One of the unique things about Ireland is our enormous diaspora relative to the size of our country. The Irish abroad retain a strong national identity, even after several generations.
One Irish company, Blarney Stone Enterprises (www.blarney-stone.com) has tapped into this market and created a successful online retailing business centred on all things Irish. The company was set up in 1987 by husband and wife team, Declan (pictured) and Camilla Fearon, producing gift ideas manufactured from Blarney Stone. Since 1994, it has focused on the design, manufacture, distribution and export of Irish-themed, collectable figurines, each piece carrying a genuine piece of Blarney stone and having a Luck of the Irish coin attached. These include the Finnians, a range of forest dwelling creatures; Telltale Teapots comprising a whole village of teapot characters; and a humorous collection of golfers known as the Masters, amongst others. The company carries a product range of some 1,400 items at any one time.
We have heard a lot about online retailing over the past few years – from being predicted as a licence to print money to the great collapse. As one of the survivors, Declan Fearon has plenty to say on the subject. Laughing, he suggests that one of the main reasons for their success was that they ‘didn’t have the money to waste’.
Having a real world base to build from is highly important, he believes. “The cost of getting a customer on a website is enormous. The conversion rate to customers is 20pc – meaning you will only be able to get one in five of your existing customers to deal with you online. This makes the cost of marketing enormous,” he said.
He freely admits that the online venture would never have worked had the company not had an existing customer base. Blarney Stone developed a collector’s club, which regularly mailed customers with news of new products. The by-product of this was a greater interaction with the company’s customers and the opportunity to point them in the direction of the website.
A glance at the company’s website will also give some clue to its success. Prices are by default in dollars and Fearon admits that the US is one the company’s main markets. He is keen to stress that the site works as a complement rather than competition to his international chain of retailers. The site allows people in remote areas to purchase from the company directly. Stores, meanwhile, are not ignored and Fearon regularly makes personal appearances in order to meet his customers and form a better relationship with them.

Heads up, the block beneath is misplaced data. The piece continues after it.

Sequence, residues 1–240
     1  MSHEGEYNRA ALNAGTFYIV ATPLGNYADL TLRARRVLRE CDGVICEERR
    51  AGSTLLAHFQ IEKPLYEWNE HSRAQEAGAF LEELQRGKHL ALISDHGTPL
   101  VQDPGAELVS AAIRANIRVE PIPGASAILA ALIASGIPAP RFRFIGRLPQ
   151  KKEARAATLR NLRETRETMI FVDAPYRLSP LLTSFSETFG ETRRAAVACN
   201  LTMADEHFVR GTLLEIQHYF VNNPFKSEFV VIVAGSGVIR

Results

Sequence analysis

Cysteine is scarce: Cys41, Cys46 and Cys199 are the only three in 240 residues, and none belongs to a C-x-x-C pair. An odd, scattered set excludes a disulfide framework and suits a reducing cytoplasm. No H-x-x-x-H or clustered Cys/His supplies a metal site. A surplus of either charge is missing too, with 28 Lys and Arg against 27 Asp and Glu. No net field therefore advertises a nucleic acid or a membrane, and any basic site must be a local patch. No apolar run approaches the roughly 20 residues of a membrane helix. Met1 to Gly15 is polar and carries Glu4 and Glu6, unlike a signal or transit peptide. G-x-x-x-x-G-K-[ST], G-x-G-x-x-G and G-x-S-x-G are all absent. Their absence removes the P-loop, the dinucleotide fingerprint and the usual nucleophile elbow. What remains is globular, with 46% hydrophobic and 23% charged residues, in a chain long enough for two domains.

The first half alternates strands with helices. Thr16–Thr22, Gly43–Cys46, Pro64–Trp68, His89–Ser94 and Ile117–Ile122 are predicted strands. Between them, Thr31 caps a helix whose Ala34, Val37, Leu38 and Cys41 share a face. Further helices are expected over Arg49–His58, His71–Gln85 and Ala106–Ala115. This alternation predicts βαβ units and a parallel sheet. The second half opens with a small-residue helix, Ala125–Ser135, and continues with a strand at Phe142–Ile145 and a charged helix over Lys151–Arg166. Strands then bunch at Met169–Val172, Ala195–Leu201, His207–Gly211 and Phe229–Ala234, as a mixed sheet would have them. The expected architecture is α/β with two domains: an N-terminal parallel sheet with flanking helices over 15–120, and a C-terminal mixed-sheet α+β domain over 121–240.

The sense of community that the site offers is also of huge importance to the business, Fearon says. It allows people to interact with the company and also with other collectors. Aside from new product announcements, the site’s message boards allow collectors to exchange information and track down discontinued items.
Saving on costs was also an important element of Blarney Stone Enterprises. Fearon cites customer service as an example. The ‘call me now’ feature of his site allows customers to input their phone number and ask to be phoned in five minutes. After we filled out the form, we could hear the familiar sound of an incoming text message. Our request was going directly to his mobile phone. Fearon himself handles all such calls at all hours of the day or night. While it is a small inconvenience for him, he says that it would cost him €15 to €25 an hour to have a call centre handle the calls.
Blarney Stone’s success has led the company into other arenas. In an August 2001 diversification, the company started to offer a select range of Irish goods from other local suppliers from a new site, Buyfromireland (www.buyfromireland.com). The idea was to sell a range of goods from small Irish companies who would, taken by themselves, be unable to have a significant online presence. In both conception and design the site acts as a virtual department store. Although the line up of suppliers differs on a seasonal basis, around 60 to 70 companies are usually represented on Buyfromireland.com.
Blarney Stone employs over 30 people and 15pc of the company’s profits comes from the internet. However, Fearon is by no means an e-commerce evangelist. The success he has had has been hard won. He stresses that the existing customer base and supplier chain are just as crucial to the growth of his business as an online presence. With his feet firmly on the ground when it comes to the web, he concludes: “The internet is a great tool if you use it prudently.”
By Dick O’Brien
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